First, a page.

“You have only a short time, Frau McKay,” Captain Mors offered as he placed the pad and pencil before her. “I would not take too much time to decide or to write out what I have asked you for.” Elegantly he then turned toward the door and did not utter another word, nor did he look back at her. Continue reading

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Do you really want to live forever?

Do I have a choice?

But then ‘forever’ for humans it is far different from the Sidhe definition of the same word. I am already centuries old, how many humans can have achieved that? And we do not ‘die’ in the same way that humans might. From my vantage point I have seen the roll of history, the many changes and upheavals. Each generation so-very-certain that the one within which they exist will be the last.

Each one has been wrong.

This time I wonder, however. Never have I seen such destruction for no reason other than the incessant dissatisfaction that only greed can bring. Nature is always been regenerative, even in the face of war, famine and pestilence. Most everyone is walking around poisoned and a disease unto themselves and only we who are one form of Immortal or another can truly see the difference between what it once was, and what it is now. The air is a miasma of smoke and filth, even in places that are called ‘pristine’. The water has less and less life within it so that it no longer nourishes or adeqately sustains. The soil labors constantly with no true rest.It is a wonder to me that anything grows at all anymore.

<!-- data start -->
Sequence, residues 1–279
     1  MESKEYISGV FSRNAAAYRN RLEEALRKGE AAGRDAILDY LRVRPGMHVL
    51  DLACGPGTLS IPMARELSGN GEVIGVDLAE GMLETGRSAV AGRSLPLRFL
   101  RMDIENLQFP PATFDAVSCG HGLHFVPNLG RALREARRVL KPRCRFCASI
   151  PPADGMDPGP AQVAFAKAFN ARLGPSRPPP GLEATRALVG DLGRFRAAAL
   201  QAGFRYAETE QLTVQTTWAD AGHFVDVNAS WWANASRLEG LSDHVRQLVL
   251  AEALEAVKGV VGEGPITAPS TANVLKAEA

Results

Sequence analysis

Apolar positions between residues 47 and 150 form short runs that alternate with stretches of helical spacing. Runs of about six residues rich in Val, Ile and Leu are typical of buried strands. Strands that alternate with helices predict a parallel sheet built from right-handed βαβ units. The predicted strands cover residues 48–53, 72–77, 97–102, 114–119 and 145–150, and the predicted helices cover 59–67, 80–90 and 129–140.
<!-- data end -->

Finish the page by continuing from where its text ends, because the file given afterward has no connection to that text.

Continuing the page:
Do I want to live forever?

What I want is not relevant. The issue is whether or not I will. Fortunately or unfortunately, however, what I am has already decided the answer to that.

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Munday – Villains

1. What makes a good villain, in your opinion?
There is no 100% bad villain, just as there are no 100% good heroes. Either one would be boring as hell and there can be no suspension of disbelief in either case. I like a villain that you can find glimpses of that person’s past – why they are the way that they are. When that happens, the reader can almost empathise with that character. It doesn’t have to be emo, or overt. Some of the most powerful things can be articulated with a mere glance, a gesture, or just the smallest of nuances. Those kinds of things add to their complexity and makes the villain far more compelling.